Bum Phillips Remembered As NFL Coach/GM Who Connected With Fans, Players
Former NFL Oilers coach & GM BUM PHILLIPS "died Friday at his ranch" in Goliad, Texas, according to David Barron of the HOUSTON CHRONICLE. Phillips was "three weeks past his 90th birthday and more than three decades removed from his heyday as head coach of the Oilers" from '75-'80. But he will "be remembered as the personification of a time, a place and a team that remains deep in the hearts of everyone who saw them play." Phillips joined the Oilers in '74 as defensive coordinator and "became coach and general manager" when SID GILLMAN resigned after that season. Phillips "became a popular Texas-sized personality, in large part thanks to the efforts of NFL Films, which devoted an entire hour to the best of Bum as part of its 'Lost Treasures of NFL Films' series" (CHRON.com, 10/18). THE MMQB's Peter King writes it was Phillips who made the Oilers "so attractive to the locals." He was a "Texan who wore his Cowboy boots and a huge Texas belt buckle on the sidelines, and a 10-gallon hat when games were outside." WADE PHILLIPS, Bum's son, is the Texans' defensive coordinator, and Texans DE J.J. WATT following a sack of Chiefs QB ALEX SMITH yesterday turned to the crowd and tipped an "imagine ten-gallon hat." Wade Phillips: "Yeah, that was emotional" (MMQB.SI.com, 10/21).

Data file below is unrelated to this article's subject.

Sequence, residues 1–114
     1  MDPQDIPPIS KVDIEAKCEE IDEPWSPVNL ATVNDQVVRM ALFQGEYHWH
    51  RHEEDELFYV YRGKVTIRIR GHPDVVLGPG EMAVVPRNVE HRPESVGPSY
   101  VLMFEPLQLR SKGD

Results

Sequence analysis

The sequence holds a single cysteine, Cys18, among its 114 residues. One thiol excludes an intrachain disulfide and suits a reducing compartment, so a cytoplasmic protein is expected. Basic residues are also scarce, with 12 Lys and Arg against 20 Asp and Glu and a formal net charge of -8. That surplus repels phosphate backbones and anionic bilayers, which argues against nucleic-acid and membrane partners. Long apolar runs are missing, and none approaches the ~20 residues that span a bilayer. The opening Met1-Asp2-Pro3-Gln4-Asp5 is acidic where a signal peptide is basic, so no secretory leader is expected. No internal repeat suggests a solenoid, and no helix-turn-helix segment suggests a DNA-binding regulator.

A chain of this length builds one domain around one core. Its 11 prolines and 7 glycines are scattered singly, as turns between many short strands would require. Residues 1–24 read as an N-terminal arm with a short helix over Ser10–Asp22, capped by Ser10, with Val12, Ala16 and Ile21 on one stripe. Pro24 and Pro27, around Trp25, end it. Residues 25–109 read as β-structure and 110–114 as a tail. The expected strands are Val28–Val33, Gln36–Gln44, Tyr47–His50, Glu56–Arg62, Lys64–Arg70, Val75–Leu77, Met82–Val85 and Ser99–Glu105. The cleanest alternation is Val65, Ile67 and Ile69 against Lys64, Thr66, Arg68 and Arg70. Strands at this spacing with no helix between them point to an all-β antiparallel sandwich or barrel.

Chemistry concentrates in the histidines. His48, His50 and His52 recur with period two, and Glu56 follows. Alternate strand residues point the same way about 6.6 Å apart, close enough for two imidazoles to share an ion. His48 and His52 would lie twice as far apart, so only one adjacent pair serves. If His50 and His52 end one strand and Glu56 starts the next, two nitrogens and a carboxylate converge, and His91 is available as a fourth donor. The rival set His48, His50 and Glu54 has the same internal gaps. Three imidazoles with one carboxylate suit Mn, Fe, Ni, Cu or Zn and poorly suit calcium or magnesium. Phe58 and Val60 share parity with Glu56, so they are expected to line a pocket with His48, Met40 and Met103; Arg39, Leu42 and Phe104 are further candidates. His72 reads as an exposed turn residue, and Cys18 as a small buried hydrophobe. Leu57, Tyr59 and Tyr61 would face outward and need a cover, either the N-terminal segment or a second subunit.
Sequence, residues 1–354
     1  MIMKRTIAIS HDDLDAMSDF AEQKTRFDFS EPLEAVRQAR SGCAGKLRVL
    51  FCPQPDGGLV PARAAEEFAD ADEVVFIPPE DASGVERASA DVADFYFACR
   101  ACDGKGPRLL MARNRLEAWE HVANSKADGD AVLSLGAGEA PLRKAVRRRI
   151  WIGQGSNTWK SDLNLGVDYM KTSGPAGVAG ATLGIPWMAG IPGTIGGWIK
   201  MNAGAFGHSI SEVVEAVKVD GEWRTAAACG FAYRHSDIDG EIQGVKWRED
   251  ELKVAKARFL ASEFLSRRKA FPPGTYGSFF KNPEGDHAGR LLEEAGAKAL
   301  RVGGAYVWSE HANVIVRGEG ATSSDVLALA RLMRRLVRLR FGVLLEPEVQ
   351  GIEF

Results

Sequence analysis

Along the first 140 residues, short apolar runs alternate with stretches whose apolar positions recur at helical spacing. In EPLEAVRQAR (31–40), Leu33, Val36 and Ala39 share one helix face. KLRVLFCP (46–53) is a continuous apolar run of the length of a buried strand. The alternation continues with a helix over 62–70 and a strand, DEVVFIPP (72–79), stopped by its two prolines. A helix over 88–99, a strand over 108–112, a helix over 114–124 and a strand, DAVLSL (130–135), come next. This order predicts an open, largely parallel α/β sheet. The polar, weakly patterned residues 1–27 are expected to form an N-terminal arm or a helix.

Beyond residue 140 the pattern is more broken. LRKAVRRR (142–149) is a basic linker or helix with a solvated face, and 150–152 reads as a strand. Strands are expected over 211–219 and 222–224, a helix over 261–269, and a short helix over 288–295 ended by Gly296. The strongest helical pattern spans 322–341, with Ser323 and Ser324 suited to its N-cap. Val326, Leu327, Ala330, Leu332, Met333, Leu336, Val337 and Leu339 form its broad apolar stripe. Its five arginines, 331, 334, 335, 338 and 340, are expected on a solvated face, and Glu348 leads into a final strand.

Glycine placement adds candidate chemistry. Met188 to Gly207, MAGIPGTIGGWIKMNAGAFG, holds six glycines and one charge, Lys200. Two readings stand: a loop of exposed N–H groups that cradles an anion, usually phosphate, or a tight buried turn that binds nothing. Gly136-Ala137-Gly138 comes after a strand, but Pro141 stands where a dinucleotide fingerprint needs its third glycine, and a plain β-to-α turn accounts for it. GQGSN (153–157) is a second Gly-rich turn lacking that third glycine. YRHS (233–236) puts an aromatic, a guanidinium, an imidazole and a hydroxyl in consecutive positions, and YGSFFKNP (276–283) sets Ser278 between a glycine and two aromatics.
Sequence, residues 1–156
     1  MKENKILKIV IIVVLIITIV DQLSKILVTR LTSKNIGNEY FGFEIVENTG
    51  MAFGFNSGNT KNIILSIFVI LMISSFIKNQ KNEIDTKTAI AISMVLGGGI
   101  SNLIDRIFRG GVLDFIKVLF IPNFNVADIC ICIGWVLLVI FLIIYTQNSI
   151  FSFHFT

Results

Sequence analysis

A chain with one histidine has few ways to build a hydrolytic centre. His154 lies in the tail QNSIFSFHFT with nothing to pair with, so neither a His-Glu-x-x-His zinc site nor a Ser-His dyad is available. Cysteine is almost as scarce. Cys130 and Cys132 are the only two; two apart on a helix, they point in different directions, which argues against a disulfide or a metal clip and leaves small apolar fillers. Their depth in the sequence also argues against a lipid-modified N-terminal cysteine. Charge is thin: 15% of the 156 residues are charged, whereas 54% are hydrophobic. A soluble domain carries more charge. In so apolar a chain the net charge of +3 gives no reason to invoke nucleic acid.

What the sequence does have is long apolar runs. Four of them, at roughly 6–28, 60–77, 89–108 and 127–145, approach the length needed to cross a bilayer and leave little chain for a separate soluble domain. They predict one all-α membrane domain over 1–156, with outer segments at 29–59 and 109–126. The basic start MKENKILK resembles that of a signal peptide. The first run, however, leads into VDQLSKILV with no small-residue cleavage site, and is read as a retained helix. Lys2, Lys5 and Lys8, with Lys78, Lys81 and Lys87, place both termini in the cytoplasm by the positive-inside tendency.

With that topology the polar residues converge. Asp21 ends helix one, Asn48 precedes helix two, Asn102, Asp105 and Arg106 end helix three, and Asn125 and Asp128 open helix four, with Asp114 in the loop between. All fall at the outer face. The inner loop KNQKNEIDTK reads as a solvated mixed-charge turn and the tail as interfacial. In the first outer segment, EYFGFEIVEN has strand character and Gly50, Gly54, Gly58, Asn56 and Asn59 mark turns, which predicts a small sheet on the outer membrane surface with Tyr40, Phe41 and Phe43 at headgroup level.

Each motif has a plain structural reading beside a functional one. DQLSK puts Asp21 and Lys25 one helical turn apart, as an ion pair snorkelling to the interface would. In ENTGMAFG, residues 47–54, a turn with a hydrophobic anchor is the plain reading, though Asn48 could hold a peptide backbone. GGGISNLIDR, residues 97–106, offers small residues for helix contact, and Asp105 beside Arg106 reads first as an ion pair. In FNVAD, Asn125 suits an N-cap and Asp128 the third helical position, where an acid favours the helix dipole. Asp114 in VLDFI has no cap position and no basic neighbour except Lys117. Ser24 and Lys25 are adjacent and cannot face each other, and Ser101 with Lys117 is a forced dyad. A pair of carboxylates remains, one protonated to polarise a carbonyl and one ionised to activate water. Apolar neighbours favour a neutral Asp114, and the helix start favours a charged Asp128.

MAN OF THE PEOPLE: SPORTS ON EARTH's Dan Pompei wrote Bum Phillips "connected with people." Pompei: "A simple, unpretentious man and coach, Phillips was unafraid of letting us see who he was." His humility "was endearing," and it "was genuine" (SPORTSONEARTH.com, 10/20). In N.Y., Richard Goldstein wrote Phillips was a "square-jawed, buzz-cut outside character with a host of one-liners" (N.Y. TIMES, 10/20). The AP's Kristie Rieken wrote Phillips was "a Texas original in his blue jeans, boots and trademark white Stetson" (AP, 10/19). NFL Network's Rich Eisen said, "Phillips was a folk hero in Texas and loved nationally, whether it was for that trademark cowboy hat or because of his way of talking" ("NFL GameDay Morning," NFL Network, 10/20). ESPN's Chris Berman said, "He was beloved by all who played for him and all who knew him and in short, he was a Texas football icon whose folksy, homespun approach hid the fact that he was actually a gridiron master" ("Sunday NFL Countdown," ESPN, 10/20).